# Start¶

In this example, you generate labels on a mock dataset of transactions. For each customer, you want to label whether the total purchase amount over the next hour of transactions will exceed $300. Additionally, you want to make your predictions one hour in advance. [1]:  import composeml as cp  ## Load Data¶ With the package installed, load the data. To get an idea on how the transactions looks, preview the data frame. [2]:  df = cp.demos.load_transactions() df[df.columns[:7]].head()  [2]:  transaction_id session_id transaction_time product_id amount customer_id device 0 298 1 2014-01-01 00:00:00 5 127.64 2 desktop 1 10 1 2014-01-01 00:09:45 5 57.39 2 desktop 2 495 1 2014-01-01 00:14:05 5 69.45 2 desktop 3 460 10 2014-01-01 02:33:50 5 123.19 2 tablet 4 302 10 2014-01-01 02:37:05 5 64.47 2 tablet ## Create Labeling Function¶ Define the labeling function that returns the total purchase amount given a hour of transactions. [3]:  def total_spent(df): total = df['amount'].sum() return total  ## Construct Label Maker¶ With the labeling function, create the LabelMaker for this prediction problem. To process one hour of transactions for each customer, set the target_dataframe_name to the customer ID and the window_size to one hour. [4]:  label_maker = cp.LabelMaker( target_dataframe_name="customer_id", time_index="transaction_time", labeling_function=total_spent, window_size="1h", )  ## Generate Labels¶ Automatically search and extract the labels using LabelMaker.search(). [5]:  labels = label_maker.search( df.sort_values('transaction_time'), num_examples_per_instance=-1, gap=1, verbose=True, ) labels.head()  Elapsed: 00:00 | Remaining: 00:00 | Progress: 100%|██████████| customer_id: 5/5  [5]:  customer_id time total_spent 0 1 2014-01-01 00:45:30 914.73 1 1 2014-01-01 00:46:35 806.62 2 1 2014-01-01 00:47:40 694.09 3 1 2014-01-01 00:52:00 687.80 4 1 2014-01-01 00:53:05 656.43 [6]:  %matplotlib inline plot = labels.plot.dist()  ## Transform Labels¶ With the generated LabelTimes, apply specific transforms for our prediction problem. ### Apply Threshold on Labels¶ To make the labels binary, LabelTimes.threshold() is applied for amounts exceeding$300.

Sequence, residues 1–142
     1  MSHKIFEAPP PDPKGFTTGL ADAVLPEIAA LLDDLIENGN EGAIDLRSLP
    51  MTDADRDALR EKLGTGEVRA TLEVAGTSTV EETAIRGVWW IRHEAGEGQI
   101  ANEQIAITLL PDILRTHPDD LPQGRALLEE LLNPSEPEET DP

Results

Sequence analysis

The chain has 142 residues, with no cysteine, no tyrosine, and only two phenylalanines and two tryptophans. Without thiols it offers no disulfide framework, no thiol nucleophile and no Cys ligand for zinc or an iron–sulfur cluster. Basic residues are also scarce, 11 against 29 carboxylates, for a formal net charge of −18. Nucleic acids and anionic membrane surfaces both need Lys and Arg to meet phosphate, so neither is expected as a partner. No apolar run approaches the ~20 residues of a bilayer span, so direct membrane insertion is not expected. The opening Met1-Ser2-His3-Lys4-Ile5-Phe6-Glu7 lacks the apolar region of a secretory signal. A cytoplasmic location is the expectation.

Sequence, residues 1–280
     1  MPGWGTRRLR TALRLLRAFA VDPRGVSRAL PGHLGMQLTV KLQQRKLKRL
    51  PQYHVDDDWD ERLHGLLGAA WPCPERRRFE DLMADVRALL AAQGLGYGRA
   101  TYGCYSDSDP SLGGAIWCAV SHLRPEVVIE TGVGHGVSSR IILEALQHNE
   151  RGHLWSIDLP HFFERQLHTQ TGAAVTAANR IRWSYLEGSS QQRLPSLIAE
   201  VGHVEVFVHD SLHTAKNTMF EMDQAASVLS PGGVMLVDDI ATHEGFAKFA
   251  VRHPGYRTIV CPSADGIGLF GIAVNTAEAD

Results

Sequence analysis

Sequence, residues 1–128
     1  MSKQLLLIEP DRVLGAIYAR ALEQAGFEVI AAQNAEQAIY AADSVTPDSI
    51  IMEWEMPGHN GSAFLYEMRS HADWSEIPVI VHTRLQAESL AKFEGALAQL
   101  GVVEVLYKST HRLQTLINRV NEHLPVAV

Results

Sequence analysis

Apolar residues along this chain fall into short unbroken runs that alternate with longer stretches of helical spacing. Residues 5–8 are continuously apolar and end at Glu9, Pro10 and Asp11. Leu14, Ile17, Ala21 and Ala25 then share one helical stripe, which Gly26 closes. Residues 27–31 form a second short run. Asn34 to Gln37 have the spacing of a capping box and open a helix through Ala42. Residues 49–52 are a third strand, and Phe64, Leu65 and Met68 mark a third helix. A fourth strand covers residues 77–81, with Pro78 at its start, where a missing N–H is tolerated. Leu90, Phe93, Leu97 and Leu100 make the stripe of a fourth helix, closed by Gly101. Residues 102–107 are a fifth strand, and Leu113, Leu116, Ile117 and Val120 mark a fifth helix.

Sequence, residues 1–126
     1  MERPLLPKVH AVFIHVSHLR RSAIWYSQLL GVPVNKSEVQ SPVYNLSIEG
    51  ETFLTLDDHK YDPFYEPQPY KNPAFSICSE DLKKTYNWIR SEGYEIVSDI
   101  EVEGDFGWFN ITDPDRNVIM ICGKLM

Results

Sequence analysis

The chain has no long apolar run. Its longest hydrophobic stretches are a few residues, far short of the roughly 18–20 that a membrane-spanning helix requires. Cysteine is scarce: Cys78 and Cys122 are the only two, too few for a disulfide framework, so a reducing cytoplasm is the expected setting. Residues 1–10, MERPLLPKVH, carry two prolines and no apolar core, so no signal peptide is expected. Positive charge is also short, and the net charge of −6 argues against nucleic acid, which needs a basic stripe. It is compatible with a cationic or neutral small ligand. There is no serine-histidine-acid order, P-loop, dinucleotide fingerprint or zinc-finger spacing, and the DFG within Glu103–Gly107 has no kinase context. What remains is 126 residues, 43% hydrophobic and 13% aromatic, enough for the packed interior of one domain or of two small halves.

[7]:

labels = labels.threshold(300)


[7]:

customer_id time total_spent
0 1 2014-01-01 00:45:30 True
1 1 2014-01-01 00:46:35 True
2 1 2014-01-01 00:47:40 True
3 1 2014-01-01 00:52:00 True
4 1 2014-01-01 00:53:05 True

The label times are shifted one hour earlier for predicting in advance by using LabelTimes.apply_lead().

[8]:

labels = labels.apply_lead('1h')


[8]:

customer_id time total_spent
0 1 2013-12-31 23:45:30 True
1 1 2013-12-31 23:46:35 True
2 1 2013-12-31 23:47:40 True
3 1 2013-12-31 23:52:00 True
4 1 2013-12-31 23:53:05 True

## Describe Labels¶

After transforming the labels, use LabelTimes.describe() to print out the distribution with the settings and transforms that were used to make these labels. This is useful as a reference for understanding how the labels are generated from raw data. Also, the label distribution is helpful for determining if we have imbalanced labels.

[9]:

labels.describe()

Label Distribution
------------------
False      56
True       44
Total:    100

Settings
--------
gap                                    1
maximum_data                        None
minimum_data                        None
num_examples_per_instance             -1
target_column                total_spent
target_dataframe_name        customer_id
target_type                     discrete
window_size                           1h

Transforms
----------
1. threshold
- value:    300

- value:    1h



## Plot Labels¶

You can use plots to inspect the labels.

### Distribution¶

This plot shows the label distribution.

[10]:

plot = labels.plot.distribution()


### Count by Time¶

This plot shows the label distribution across cutoff times.

[11]:

plot = labels.plot.count_by_time()